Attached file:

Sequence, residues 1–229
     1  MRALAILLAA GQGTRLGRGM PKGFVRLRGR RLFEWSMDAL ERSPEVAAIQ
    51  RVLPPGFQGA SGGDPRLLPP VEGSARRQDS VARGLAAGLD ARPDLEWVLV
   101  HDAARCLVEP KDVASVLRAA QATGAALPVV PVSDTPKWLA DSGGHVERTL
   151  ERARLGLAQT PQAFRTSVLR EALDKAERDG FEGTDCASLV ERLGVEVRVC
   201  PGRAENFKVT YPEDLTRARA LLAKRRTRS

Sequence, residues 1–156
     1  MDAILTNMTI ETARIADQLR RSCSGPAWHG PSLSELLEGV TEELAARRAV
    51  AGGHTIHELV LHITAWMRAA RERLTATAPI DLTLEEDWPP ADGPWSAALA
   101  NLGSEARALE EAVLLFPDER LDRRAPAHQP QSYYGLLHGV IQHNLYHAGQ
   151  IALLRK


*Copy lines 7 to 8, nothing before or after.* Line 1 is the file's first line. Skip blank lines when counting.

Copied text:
Sequence, residues 1–156
     1  MDAILTNMTI ETARIADQLR RSCSGPAWHG PSLSELLEGV TEELAARRAV